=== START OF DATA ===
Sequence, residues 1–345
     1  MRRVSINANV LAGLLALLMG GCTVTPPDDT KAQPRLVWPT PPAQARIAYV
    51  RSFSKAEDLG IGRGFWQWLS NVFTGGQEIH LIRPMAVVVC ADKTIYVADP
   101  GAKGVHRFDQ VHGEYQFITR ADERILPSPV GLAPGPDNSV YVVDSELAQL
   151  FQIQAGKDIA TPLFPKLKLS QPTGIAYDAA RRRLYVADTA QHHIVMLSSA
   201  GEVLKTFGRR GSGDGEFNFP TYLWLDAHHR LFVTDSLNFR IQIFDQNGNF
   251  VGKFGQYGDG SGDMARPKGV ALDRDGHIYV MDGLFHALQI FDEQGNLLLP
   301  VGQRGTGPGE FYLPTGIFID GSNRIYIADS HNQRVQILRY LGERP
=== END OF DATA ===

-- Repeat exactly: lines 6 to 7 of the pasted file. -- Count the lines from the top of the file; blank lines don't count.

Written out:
   201  GEVLKTFGRR GSGDGEFNFP TYLWLDAHHR LFVTDSLNFR IQIFDQNGNF
   251  VGKFGQYGDG SGDMARPKGV ALDRDGHIYV MDGLFHALQI FDEQGNLLLP